BACKGROUND: Pre-existing medical disease constitutes one of the five major causes of maternal death in South Africa. Increasing numbers of women with heart disease reach adulthood as a result of advances in diagnoses and treatment of heart disease in childhood.
OBJECTIVE: To assess the profile of cardiac disease and the maternal and fetal outcome of pregnant patients at Pretoria Academic Hospital (PAH).
METHODS: A retrospective analysis was carried out on 189 pregnant cardiac patients who delivered at PAH between January 2002 and December 2005. Results. Nearly 1% of all mothers who delivered at PAH had underlying cardiac disease. Most cardiac lesions were valvular disease secondary to childhood rheumatic heart disease. Pulmonary oedema was associated with the greatest morbidity and mortality. The severe morbidity rate was 11.6% and the case fatality rate 3.3%. The mean gestational age at delivery was 35 weeks; 18 (9.7%) babies were born before 34 weeks.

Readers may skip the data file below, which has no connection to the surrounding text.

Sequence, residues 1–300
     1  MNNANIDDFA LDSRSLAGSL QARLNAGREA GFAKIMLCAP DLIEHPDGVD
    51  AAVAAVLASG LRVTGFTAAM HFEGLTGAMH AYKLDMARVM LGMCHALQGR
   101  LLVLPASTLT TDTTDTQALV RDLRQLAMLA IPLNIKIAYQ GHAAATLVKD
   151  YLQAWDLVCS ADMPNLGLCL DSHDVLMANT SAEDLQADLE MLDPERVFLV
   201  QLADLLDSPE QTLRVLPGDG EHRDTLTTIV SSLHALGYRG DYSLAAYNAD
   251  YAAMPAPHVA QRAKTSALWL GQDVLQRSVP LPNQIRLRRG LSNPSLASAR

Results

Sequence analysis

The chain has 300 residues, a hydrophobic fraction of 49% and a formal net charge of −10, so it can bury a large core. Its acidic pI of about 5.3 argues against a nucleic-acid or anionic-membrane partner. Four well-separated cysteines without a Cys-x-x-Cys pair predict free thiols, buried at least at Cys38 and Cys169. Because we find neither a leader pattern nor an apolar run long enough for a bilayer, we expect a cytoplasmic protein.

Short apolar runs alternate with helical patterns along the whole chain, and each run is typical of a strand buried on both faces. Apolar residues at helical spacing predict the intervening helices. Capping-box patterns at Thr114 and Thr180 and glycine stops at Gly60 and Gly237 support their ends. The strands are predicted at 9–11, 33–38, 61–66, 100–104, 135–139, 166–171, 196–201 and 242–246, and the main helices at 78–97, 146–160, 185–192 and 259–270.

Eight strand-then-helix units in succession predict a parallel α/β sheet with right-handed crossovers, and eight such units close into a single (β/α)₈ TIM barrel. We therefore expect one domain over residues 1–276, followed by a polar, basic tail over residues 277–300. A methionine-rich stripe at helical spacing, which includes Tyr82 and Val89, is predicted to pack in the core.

CONCLUSION: Cardiac disease in pregnancy is associated with high morbidity and mortality rates for mothers and their babies. Multidisciplinary evaluation with discussion of risk factors, appropriate family planning and optimising of the cardiac state before conception is advised.